Tan Pin Pin
Singapore Art Museum Proudly
PRESIDENT’S YOUNG TALENTS EXHIBITION 2005
23 April 2005 – 19 June 2005
Third Installment of the Bi-annual exhibition series
SINGAPORE CONTEMPORARY ART EXHIBITION SHOWCASING FOUR EMERGING LOCAL ARTISTS
Singapore Art Museum (SAM) is proud to present President’s Young Talents Exhibition 2005, the third instalment of the series, inaugurated in 2001. This year’s presentation has broadened its scope to include design, media and transmedia practices to reflect international trends in contemporary visual art practices. Conceived as part of a larger initiative to present young emerging talents and promote outstanding artistic practices, the exhibition serves as a platform for the visual arts practices of local promising artists working in various media. The official presentation ceremony will be held on Friday, 22 April, 6.30pm at the Glass Hall, Singapore Art Museum, with His Excellency President S R Nathan as Guest-of-Honour.
President’s Young Talents Exhibition 2005 features works by four emerging Singaporean visual artists with varied beginnings and diverse practices spanning the fields of film, furniture design, performance, new media and visual arts: Charles Lim (Co-founder of tsunamii.net and recipient of JCCI Arts Award in 2002), Jason Ong (Grand Prix winner of the Nagoya Design Do! Competition), Tan Pin Pin (Director of Singapore Gaga, which will premiere at Singapore Film Festival 2005) and Rizman Putra (Co-founder for the multi-disciplinary collective ‘Kill Your Television’ which was the recipient of the JCCI Arts Award 2005).
International visual art practices today interact with other fields such as theatre, technology, architecture and broadcast media to give rise to innovative hybrid creative expressions. Locally, artists have been engaging and responding to these directions, taking their practice into newer areas through collaborations within theatrical performance, artistic expression via new technological mediums as well as other non-conventional interactions with media. Featured in this year's exhibition are four artists whose practices transcend the traditional boundaries of visual art -
CHARLES LIM The project sea state is concerned with the exploration of the waters around Singapore and contain many different tracks. sea state 1: Inside Outside is a collection of photographs from that journey and shows buoys, lighthouses and other assorted objects or structures at sea as the physical reality to these charted boundaries. These are presented in pairs where an individual marker is photographed from two perspectives – looking out from and looking into Singapore – and the seeming indifference between the two opens up an uncertainty in the fortitude of boundaries and borders.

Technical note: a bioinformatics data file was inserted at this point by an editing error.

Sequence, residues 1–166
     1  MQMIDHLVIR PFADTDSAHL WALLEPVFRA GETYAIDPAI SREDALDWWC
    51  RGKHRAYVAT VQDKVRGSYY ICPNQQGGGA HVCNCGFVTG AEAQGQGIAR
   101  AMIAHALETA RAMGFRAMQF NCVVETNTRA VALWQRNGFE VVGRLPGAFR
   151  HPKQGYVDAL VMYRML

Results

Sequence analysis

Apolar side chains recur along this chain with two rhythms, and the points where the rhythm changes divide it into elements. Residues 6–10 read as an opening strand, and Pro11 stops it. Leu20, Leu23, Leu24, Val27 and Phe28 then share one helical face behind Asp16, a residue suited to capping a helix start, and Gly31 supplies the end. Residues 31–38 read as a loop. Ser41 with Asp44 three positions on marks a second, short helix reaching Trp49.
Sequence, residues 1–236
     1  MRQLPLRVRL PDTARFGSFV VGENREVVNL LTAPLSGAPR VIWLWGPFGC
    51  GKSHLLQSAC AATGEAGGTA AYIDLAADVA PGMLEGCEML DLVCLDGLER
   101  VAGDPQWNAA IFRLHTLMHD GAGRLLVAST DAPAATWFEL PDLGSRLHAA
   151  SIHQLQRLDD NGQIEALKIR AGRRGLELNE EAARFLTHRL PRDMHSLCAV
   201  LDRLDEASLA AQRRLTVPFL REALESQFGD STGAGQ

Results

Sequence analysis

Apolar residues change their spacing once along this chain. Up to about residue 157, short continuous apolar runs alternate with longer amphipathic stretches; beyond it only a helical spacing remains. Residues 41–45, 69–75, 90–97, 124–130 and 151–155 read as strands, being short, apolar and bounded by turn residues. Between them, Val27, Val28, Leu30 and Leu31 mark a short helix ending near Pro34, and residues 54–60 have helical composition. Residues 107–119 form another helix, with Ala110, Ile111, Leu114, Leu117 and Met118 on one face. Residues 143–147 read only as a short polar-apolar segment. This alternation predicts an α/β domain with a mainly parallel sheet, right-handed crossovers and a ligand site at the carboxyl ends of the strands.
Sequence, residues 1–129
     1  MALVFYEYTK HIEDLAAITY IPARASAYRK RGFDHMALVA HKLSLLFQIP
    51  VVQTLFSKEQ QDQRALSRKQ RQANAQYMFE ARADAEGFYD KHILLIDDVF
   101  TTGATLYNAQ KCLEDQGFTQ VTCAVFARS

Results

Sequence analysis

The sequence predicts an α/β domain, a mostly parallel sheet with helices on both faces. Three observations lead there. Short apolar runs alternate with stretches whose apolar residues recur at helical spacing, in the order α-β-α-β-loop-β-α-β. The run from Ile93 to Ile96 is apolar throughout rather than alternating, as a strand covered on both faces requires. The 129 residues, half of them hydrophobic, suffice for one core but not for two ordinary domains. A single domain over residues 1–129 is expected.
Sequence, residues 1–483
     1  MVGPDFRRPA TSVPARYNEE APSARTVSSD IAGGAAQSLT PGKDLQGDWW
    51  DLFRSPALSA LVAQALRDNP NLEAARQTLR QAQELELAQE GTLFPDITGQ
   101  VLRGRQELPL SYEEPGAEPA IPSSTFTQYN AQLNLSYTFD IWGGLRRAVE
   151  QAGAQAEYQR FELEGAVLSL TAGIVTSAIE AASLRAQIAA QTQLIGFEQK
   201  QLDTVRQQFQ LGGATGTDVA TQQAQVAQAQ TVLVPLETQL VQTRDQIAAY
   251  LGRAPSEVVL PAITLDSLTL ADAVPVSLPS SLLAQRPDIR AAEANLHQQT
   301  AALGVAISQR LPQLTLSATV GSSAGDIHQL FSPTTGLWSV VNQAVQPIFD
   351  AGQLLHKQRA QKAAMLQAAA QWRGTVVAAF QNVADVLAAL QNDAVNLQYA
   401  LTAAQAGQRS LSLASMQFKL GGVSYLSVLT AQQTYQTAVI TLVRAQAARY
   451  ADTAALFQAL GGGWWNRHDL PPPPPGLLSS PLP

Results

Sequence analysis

JASON ONG Furniture is, for Jason, “a playful medium to express the many human relationships, ideals or idiosyncracies” and in his design explorations, he strives to create furniture that go beyond serving function and form. Seen in this way, the pieces shown here, Chair for Day Dreamers and Not Selfish In Bed(s), are transformed as symbols of his search for meaning, his explorations into archetypal forms and universal themes.
TAN PIN PIN Spurred by a desire to record and capture moments, to inscribe time and memories through the film medium whether as photography, documentaries or experimental short films, Pin Pin created a video, 80kmh, the photographic series, Friends, Family & Strangers, and the Microwave series of videos where objects are placed in a microwave oven as experiments in constructing a narrative with the most minimum requirement - by documenting seconds.
RIZMAN PUTRA For Rizman, performance in all genres (music, theatre, dance, live art) has become an integral part of his art practice. He considers it to be a natural development from his fine arts training, to be perceived as a kind of ‘live’ painting. The works presented in the exhibition can then be seen as a performance structure in three parts, wherein he investigates the conditions of identity.
The artists are selected by a curatorial committee comprising key experts in contemporary art in Singapore – individuals involved in design, cross-disciplinary and cross-cultural practices: Ong Keng Sen (TheatreWorks Artistic Director), Patrick Chia (Designer), Dr Adrain Cheok (Mixed Reality Lab, National University of Singapore) and Noorashikin Zulkifli (SAM). Venturing beyond the conventional boundaries of contemporary visual arts practices, the works by the artists reflect the rich and varied terrain of art in Singapore today. Their varied artistic expressions share a common process of intensive research. Charles Lim adopts a documentative, archival style to establish and unearth processes of thinking whilst Jason Ong’s designs are often attempts at elegant resolution of concepts. Audience engagement features prominently in their quest for ways to communicate with the audience. From Rizman Putra’s flamboyant persona to Tan Pin Pin’s intensely simple and quiet narratives, these are young talents who have developed firm voices, both within their fields and beyond, over years of strong artistic practice.
Says Mr Kwok Kian Chow, Director, SAM, “President’s Young Talents Exhibition 2005 is the highlight of SAM’s contemporary art programming in 2005. We are delighted to have the continued support of His Excellency President S R Nathan for this project. Since its conception in 2001, President’s Young Talents has become a platform for our young emerging talents. It recognises artistic development rooted within a vibrant local art scene, yet with an eye towards international artist practices. The series has become an important event in the local art calendar. We understand the importance of providing support and recognition for contemporary visual arts and our own artists who are emerging talents in their field, and hope that the exhibition series may be a first step leading to many other openings including international opportunities."